PARKS: We're not just rehashing some trauma. I mean, you know, I'm a better writer than that, God willing. God save me from, you know, that. But what we're actually demonstrating is the power of community and how we can just keep on keeping on even when things are very, very difficult.

LIMBONG: Things would continue to keep being difficult. Almost as if it was written into the show itself, "Plague Year" had to go on a brief hiatus after several of the cast members got COVID, fitting for a play dedicated to the preservation of these past few years. But the thing about preservation is that you can look at a thing again and again and keep learning new things about it, which brings us to the revival of "Topdog/Underdog." When the show first premiered in 2001, it was hailed as a masterpiece. The Times review from back then called it the most exciting new homegrown play to hit Broadway since Tony Kushner's "Angels In America." This revival stars Corey Hawkins and Yahya Abdul-Mateen II playing two brothers who share a dilapidated apartment.

(SOUNDBITE OF PLAY, "TOPDOG/UNDERDOG")

COREY HAWKINS: (As Lincoln) I'm getting too old to be sleeping in that chair, man.

YAHYA ABDUL-MATEEN II: (As Booth) It's my place. You don't got no place. Cookie, she threw you out, and you can't seem to get another woman. You lucky I let you stay.

HAWKINS: (As Lincoln) Every Friday, you say mi casa es su casa.

ABDUL-MATEEN: (As Booth) Every Friday, you come home with your paycheck. Today is Thursday. And I tell you, brother, it's a long way from Friday to Friday. All kind of things can happen. All kinds of bad feelings can surface and erupt while your little brother waits for you to bring in your share.

LIMBONG: One brother is named Lincoln. Coincidentally, he works as an Abraham Lincoln impersonator at an arcade where customers can pretend to shoot him day after day. His little brother's name is Booth. I should say the two brothers are Black, so the Lincoln impersonator spends a lot of the play in whiteface. It's a move that forces the audience to ask, what is Parks saying about race? - which is a great question to ask. Parks just hopes you don't stop there.

PARKS: So a lot of people say the play's about race relations and brotherly - I mean, they're all - everybody's opinion is valid and right. And as I watched it last night, I thought, oh, and I'm also writing about the way reality is constructed, how the world is made.

LIMBONG: Parks hits on this a lot - the idea of theater constructing reality like she's just learning this about herself. But it makes perfect sense to view "Topdog/Underdog" this way as the characters keep lying to themselves, each other and us.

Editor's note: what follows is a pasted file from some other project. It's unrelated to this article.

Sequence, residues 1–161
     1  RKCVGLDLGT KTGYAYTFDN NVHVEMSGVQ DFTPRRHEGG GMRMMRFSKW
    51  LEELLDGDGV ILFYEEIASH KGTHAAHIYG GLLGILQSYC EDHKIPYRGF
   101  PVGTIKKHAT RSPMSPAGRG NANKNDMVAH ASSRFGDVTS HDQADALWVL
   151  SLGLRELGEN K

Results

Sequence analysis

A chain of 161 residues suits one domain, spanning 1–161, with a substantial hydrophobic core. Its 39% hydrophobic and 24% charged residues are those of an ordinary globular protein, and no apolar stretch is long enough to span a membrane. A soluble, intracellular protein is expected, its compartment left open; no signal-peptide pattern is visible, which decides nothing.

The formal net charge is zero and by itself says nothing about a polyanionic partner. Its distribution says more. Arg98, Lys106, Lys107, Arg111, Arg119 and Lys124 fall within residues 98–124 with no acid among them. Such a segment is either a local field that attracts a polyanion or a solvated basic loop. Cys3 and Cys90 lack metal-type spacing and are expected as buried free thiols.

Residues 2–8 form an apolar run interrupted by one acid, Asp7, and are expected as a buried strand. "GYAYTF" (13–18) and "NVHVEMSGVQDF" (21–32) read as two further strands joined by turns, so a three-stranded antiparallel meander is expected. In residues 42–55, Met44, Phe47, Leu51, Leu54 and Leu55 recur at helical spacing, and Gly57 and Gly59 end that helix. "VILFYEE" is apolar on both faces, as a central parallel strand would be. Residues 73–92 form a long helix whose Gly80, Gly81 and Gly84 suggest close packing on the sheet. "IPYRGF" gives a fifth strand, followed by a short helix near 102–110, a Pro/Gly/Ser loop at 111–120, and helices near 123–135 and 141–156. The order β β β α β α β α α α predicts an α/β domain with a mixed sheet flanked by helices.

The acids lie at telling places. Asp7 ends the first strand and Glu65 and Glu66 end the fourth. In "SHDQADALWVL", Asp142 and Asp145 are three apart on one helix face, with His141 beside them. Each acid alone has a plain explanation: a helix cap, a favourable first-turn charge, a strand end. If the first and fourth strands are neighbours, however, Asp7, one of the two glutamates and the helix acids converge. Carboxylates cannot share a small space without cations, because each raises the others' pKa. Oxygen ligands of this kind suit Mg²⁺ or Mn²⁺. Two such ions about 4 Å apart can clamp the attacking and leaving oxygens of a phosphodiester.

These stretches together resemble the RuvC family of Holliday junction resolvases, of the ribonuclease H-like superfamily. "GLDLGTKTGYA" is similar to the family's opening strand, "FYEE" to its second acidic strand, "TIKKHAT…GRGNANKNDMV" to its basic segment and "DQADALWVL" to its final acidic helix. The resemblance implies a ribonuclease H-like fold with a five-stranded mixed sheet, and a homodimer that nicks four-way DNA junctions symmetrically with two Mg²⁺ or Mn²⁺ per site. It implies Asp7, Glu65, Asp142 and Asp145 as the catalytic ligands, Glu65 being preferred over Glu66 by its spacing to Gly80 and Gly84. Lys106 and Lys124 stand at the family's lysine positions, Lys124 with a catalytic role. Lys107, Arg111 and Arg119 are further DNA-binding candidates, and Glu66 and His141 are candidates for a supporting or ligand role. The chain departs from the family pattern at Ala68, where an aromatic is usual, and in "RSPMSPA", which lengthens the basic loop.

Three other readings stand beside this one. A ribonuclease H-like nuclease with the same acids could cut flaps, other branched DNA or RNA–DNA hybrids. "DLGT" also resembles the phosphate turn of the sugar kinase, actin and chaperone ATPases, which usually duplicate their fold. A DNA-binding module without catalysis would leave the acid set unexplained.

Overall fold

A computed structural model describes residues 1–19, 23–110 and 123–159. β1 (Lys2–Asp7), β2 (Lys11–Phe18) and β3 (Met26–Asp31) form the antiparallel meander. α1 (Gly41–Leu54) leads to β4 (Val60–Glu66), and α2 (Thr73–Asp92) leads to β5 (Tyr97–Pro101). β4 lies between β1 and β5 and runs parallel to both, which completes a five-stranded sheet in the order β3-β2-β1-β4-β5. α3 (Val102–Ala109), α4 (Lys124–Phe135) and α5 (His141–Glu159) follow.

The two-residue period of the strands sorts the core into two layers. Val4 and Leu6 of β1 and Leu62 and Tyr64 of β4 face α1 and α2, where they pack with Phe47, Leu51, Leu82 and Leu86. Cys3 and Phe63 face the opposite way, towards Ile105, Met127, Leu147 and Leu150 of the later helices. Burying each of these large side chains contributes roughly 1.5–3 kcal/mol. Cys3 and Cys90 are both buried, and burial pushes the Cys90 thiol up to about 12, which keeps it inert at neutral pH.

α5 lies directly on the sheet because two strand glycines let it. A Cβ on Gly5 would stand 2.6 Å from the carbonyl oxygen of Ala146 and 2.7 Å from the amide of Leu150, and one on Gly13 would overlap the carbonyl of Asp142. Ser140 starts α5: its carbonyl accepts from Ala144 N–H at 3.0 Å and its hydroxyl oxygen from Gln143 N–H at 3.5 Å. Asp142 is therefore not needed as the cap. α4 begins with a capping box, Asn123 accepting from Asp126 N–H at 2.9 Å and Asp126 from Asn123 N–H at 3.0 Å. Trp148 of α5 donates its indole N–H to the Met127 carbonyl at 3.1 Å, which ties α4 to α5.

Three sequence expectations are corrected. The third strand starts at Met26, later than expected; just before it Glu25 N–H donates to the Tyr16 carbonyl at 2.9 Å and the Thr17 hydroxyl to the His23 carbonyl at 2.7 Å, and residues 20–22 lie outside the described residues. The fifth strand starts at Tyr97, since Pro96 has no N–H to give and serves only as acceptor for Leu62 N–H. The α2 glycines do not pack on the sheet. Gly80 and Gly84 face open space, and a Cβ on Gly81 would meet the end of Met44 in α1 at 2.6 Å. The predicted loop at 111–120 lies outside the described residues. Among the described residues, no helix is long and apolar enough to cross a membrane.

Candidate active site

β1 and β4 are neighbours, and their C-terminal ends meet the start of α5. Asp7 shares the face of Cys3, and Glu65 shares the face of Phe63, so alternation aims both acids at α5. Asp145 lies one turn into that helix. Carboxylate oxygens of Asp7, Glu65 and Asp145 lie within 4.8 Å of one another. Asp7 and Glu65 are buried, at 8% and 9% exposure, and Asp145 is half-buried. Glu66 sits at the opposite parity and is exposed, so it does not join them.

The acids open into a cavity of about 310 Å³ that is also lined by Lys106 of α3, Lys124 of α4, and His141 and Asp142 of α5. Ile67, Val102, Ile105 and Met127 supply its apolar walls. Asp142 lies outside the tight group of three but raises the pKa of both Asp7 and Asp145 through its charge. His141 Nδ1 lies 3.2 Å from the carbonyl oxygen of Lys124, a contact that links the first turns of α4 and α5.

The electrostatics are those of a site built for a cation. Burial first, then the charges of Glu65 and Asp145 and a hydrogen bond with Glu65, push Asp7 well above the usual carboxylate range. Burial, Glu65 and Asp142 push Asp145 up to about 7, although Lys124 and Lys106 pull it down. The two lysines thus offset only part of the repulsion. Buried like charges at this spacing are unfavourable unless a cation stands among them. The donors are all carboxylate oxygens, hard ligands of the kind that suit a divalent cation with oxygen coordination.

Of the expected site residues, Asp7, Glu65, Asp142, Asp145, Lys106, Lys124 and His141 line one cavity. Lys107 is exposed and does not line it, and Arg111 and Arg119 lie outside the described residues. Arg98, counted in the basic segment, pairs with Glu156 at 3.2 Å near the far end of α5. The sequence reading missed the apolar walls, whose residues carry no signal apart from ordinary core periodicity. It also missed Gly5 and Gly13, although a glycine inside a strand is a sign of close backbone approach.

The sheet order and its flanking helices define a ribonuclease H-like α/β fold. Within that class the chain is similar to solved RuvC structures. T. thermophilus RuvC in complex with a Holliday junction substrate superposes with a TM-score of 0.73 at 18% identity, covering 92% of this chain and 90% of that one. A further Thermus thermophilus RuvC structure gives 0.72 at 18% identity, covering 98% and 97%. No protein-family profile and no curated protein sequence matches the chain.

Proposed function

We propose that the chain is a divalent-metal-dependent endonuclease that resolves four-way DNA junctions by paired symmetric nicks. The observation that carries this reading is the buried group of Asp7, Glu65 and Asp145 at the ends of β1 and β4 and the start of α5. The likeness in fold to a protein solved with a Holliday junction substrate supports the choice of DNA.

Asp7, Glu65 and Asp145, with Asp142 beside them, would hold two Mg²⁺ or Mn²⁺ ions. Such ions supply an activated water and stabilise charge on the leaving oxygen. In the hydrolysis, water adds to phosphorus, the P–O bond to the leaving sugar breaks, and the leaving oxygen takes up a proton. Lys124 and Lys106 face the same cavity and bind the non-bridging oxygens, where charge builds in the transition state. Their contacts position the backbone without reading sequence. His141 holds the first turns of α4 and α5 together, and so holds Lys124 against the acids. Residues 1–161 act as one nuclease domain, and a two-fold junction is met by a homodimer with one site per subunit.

RASHID JOHNSON: It gives agency and space to the existential journey of those characters in a way that is romantic, beautiful, challenging and disturbing.

LIMBONG: Rashid Johnson is a visual artist and filmmaker who got to work with Parks co-writing the 2019 screen adaptation of Richard Wright's "Native Son." It was a tough project, which is why Johnson was thankful to have Suzan-Lori Parks' guidance.

JOHNSON: SLP is just such an incredible and thoughtful storyteller in the way that she was able to help us navigate some of the potential pitfalls and our willingness to challenge Wright's vision.

LIMBONG: This business of constructing reality, as she calls it, has led to a varied array of recent work. On top of everything, she just premiered a musical about Thomas Jefferson and Sally Hemings in Minneapolis. She's also adapting the 1972 movie "The Harder They Come" for off-Broadway next year. With all of this, Parks hopes to cut towards honesty over entertainment and judgment.

PARKS: Drop the personality, you know what I mean? Drop down into what I like to call the river of song. Drop into that thrum that we all have going through us.

LIMBONG: And you can tell she means it, the way she talks to you and sees you and catches you when your instinct is to get out of that thrum.

PARKS: And I have this belief - oh, aren't we the same person? I know. Don't look away. Aren't we the same person? We're just, you know, different manifestations of the same person because the one that we all are wants to keep it interesting.

LIMBONG: There's a spiritualness Parks has found to acting, a loop where you go up there, construct a reality, curtains close and you're back in the real world. But it's not as if the two are separate realities. And her work asks, why bother pretending?

Andrew Limbong, NPR News.